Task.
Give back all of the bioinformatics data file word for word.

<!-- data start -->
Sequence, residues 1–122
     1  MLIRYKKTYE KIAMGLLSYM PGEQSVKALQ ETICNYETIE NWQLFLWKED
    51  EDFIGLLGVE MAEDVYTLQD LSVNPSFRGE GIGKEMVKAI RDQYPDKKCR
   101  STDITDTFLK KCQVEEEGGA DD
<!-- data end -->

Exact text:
Sequence, residues 1–122
     1  MLIRYKKTYE KIAMGLLSYM PGEQSVKALQ ETICNYETIE NWQLFLWKED
    51  EDFIGLLGVE MAEDVYTLQD LSVNPSFRGE GIGKEMVKAI RDQYPDKKCR
   101  STDITDTFLK KCQVEEEGGA DD